TCNJ's School of Nursing, Health, and Exercise Science selected as Healthy People 2030 Champion.
We embrace our responsibility as a public institution to address the needs of New Jersey’s citizens and communities.
EWING, NJ March 24, 2022 – The School of Nursing, Health, and Exercise Science (SNHES) at The College of New Jersey (TCNJ) has been selected as a national Healthy People 2030 Champion by the U.S. Department of Health and Human Services (USDHSS). Founded by the Office of Disease Prevention and Health Promotion (ODPHP), Healthy People 2030 is a set of data-driven health improvement objectives for the next decade. Institutions designated as Healthy People 2030 Champions consist of public and private organizations that impact health outcomes at state, tribal and local levels—and embody Healthy People’s goals and objectives.
Selected Healthy People 2030 Champions are recognized by ODPHP as health leaders for an entire decade. Laura Bruno, associate professor of health and exercise science, remarks, “Earning this designation not only supports our mission but further articulates how our graduates are uniquely prepared to become impactful agents of change in their respective future careers. As a school, this designation speaks volumes of our programs, the education our students receive, and the value and commitment we place on improving the health and well-being of all.”
Anne Farrell, chair and professor of the same department, adds, “To be selected as a Healthy People 2030 Champion is verification and ongoing support of the work each department within the School of Nursing, Health, and Exercise Science is doing and will continue to do to train and help individuals reach optimal health and well-being.”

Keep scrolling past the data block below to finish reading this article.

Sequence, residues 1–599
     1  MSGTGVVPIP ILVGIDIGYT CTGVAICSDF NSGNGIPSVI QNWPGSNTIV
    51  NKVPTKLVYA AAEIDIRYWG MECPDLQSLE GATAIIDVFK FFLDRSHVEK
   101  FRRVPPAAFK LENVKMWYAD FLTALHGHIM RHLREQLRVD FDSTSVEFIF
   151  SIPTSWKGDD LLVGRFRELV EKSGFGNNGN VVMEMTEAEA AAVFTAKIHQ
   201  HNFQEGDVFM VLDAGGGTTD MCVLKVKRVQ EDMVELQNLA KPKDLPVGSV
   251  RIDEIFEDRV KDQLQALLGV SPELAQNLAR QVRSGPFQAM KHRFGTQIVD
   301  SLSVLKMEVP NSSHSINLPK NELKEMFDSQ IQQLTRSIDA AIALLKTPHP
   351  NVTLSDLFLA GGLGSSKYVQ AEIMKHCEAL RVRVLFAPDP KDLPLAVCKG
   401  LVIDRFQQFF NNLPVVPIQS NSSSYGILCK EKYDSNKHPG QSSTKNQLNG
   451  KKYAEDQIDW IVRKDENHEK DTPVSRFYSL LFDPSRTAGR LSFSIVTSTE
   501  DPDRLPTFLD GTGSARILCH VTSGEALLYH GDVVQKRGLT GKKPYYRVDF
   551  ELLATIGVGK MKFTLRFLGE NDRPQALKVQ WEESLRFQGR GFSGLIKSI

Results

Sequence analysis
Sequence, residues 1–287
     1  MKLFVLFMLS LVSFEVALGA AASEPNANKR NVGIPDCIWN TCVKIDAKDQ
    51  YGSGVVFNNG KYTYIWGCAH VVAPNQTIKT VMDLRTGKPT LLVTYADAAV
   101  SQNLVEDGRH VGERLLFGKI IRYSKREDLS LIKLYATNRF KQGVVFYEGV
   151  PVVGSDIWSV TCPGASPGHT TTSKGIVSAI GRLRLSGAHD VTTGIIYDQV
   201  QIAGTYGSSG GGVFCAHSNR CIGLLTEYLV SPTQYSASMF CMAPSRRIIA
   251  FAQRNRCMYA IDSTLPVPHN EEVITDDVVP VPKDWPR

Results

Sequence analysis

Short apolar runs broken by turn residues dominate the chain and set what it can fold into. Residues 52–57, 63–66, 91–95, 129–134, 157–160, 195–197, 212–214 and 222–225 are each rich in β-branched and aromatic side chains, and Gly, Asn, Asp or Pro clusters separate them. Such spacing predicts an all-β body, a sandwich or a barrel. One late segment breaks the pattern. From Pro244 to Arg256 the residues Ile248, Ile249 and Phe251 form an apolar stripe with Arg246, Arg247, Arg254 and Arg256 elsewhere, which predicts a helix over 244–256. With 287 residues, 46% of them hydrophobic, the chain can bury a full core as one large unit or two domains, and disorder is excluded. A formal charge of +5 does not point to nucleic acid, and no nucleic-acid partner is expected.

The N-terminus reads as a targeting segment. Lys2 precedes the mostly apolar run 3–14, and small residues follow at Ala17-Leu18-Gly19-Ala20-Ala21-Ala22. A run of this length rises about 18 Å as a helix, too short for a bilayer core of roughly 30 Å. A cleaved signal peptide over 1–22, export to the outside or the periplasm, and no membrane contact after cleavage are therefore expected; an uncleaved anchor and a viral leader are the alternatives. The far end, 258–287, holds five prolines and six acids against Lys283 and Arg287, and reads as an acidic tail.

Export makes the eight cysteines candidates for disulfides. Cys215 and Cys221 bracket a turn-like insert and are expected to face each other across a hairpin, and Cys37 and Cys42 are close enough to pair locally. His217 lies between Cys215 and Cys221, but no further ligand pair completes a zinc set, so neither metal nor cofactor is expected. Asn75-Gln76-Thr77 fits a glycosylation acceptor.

Tracy Perron, department chair and professor of nursing at TCNJ’s SNHES, comments on the School’s alignment with Healthy People 2030 objectives: “We embrace our responsibility as a public institution to address the needs of New Jersey’s citizens and communities. Our service to the state focuses on promoting wellness and improving health through education, research, and outreach in both professional and community settings. Our focus is to prioritize learning experiences that bring attention to, and help narrow, health inequities in our communities, while also contributing to positive, systemic change in our various professions.”
Expanding on the benefits of winning this recognition for the School’s public health program, associate professor of public health, Marina De Souza, explains, “Being designated a partner of this highly competitive initiative highlights TCNJ`s public health program`s commitment to taking action and empowering individuals, organizations, and communities to promote health and prevent diseases. It also gives public health undergraduate and graduate students the opportunity to practice and learn from hands-on experiences that have been developed and led by our faculty.”
As a reward for winning the Healthy People 2030 Champion award, recipients are encouraged to use the official winner’s emblem on all digital assets. In addition, designated organizations are given access to information, tools and resources to help them promote Healthy People 2030 goals and objectives—which include improving outcomes in areas such as health conditions, health behaviors, specific populations, settings and systems, and social determinants of health.
TCNJ’s School of Nursing, Health, and Exercise Science’s Dean Carole Kenner explains, “This award is a testament to the brilliant work of our educators and students. Our teacher-scholar model expands beyond the classroom to local, state and national levels. Our school is honored to be recognized as a Healthy People 2030 Champion.”
TCNJ’s School of Nursing, Health, and Exercise Science educates aspiring health professionals to become future leaders across the healthcare industry. Faculty work closely with local healthcare partners to provide students with applicative skills and foundational knowledge. The nationally acclaimed school is dedicated to preparing individuals—through programs in nursing, public health, exercise science, and physical education teaching—for the many rewards of guiding people, communities, and populations toward improved health outcomes.
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